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'[PIC]: 16C73 vs 16F873: stability and timing'
2001\04\04@180139 by Mike Mansheim

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Here's a general observation, but unfortunately it doesn't have anything
to do with differences between the C and F parts.

       // sync with transition of timer 1
       timer = T1_HIGH;        // changes at 128 Hz
       while (timer = T1_HIGH);

will loop until T1_HIGH equals 0, so the intent is to wait here until the
timer rolls over.  I am quite leery of trying to catch a timer at an
exact value while polling.  This while statement will compile into
several instructions - I would be concerned that the timer will roll and
go beyond zero while you're working on the compare, and you'll miss it.
Timer 1 is a 16 bit timer, so it will increment 65,536 times.  At 128 Hz,
that's approx. .12 us per timer tick.  If you are running a 10M clock,
each instruction takes .4 us.
This doesn't explain why a C would work and an F would not, unless
something else changed.  Did you:
 - change the timer frequency?
 - change the clock?
 - change the timer you are using?
   (the other two are 8 bit timers, which will increment only 256 times)

This doesn't relate directly to your question, but I'm curious about
this chunk:

       timer = T1_HIGH;        // update current state
       // count transitions of INBIT
       while (poll_count) {
               if (clk_bit != INBIT) {
                       clk_bit = INBIT;
                       result++;
               }
               if (timer != T1_HIGH) {
                       timer = T1_HIGH;
                       poll_count--;
               }
       }

With the disclaimer that it's been a long day, it's not immediately
obvious to me what the timer comparison does here.  I would think that
(timer != T1_HIGH) would always be true, and poll_count would simply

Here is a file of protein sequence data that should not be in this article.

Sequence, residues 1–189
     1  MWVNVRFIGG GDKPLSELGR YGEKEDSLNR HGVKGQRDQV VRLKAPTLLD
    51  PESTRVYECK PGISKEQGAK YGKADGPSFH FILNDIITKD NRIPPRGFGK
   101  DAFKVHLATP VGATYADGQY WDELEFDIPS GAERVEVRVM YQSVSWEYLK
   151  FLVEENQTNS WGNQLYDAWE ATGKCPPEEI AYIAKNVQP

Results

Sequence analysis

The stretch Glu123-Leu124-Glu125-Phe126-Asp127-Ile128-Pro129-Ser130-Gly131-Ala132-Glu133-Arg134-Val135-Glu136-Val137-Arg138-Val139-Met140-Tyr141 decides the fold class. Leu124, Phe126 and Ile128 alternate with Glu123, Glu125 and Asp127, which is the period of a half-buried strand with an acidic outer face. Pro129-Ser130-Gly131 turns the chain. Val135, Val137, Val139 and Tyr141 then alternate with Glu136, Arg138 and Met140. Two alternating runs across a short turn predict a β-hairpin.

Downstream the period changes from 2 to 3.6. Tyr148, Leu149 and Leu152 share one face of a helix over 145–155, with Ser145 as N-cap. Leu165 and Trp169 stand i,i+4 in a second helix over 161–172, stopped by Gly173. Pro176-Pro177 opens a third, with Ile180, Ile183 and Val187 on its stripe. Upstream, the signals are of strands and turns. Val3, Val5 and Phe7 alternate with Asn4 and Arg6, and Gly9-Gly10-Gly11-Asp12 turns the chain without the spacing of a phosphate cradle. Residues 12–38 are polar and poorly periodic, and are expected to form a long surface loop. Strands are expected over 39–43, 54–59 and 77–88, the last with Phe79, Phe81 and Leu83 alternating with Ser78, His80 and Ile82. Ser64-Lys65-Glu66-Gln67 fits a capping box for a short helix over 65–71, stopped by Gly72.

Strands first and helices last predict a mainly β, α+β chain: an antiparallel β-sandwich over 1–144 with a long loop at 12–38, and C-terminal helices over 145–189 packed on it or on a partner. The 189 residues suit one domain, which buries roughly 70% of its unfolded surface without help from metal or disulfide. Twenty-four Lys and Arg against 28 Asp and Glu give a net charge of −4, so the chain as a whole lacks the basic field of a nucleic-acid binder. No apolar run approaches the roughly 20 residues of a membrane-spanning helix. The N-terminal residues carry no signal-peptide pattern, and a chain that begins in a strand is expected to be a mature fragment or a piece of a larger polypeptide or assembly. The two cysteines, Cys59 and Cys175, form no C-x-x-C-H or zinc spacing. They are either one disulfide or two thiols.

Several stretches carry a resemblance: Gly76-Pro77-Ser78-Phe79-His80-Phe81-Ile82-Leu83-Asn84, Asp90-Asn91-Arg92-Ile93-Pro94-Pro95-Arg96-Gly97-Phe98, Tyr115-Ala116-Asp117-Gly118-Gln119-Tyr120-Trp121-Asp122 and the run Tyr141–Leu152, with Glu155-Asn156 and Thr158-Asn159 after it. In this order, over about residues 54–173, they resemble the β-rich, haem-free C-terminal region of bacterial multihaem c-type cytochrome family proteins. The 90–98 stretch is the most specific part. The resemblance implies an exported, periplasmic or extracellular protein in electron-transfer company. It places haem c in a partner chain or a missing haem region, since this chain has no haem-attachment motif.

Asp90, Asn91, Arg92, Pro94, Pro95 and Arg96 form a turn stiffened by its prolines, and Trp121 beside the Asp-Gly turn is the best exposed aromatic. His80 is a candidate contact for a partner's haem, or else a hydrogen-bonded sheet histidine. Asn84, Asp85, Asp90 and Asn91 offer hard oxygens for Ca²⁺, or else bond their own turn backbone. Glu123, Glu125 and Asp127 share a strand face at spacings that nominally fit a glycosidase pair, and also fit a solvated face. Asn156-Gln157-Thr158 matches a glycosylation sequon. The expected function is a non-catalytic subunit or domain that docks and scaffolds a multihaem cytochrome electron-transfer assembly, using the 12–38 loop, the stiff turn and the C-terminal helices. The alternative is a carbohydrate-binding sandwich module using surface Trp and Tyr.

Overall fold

be decremented every time through the loop.  What am I missing??

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2001\04\04@182636 by embedded engineer

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Mike Mansheim wrote:
>
> Here's a general observation, but unfortunately it doesn't have anything
> to do with differences between the C and F parts.
>
>         // sync with transition of timer 1
>         timer = T1_HIGH;        // changes at 128 Hz
>         while (timer = T1_HIGH);

I should have included in my code:

#BYTE T1_HIGH = 0x0f

> will loop until T1_HIGH equals 0, so the intent is to wait here until the
> timer rolls over.  I am quite leery of trying to catch a timer at an
> exact value while polling.  This while statement will compile into

It blocks until a change only, indicating overflow from T1_LOW.  At a
32768 Hz input for timer1, that is 1/128 seconds (128 Hz) per transition
if I am doing my math correctly.  Nonetheless, with C it works very
well.

{Quote hidden}

All source code same: C and F compiles.  Only difference is to compile
for the respective targets, although I expect the  results are the same.

{Quote hidden}

pseudocode:

       result = 0
       counter = K
       while counter > 0 {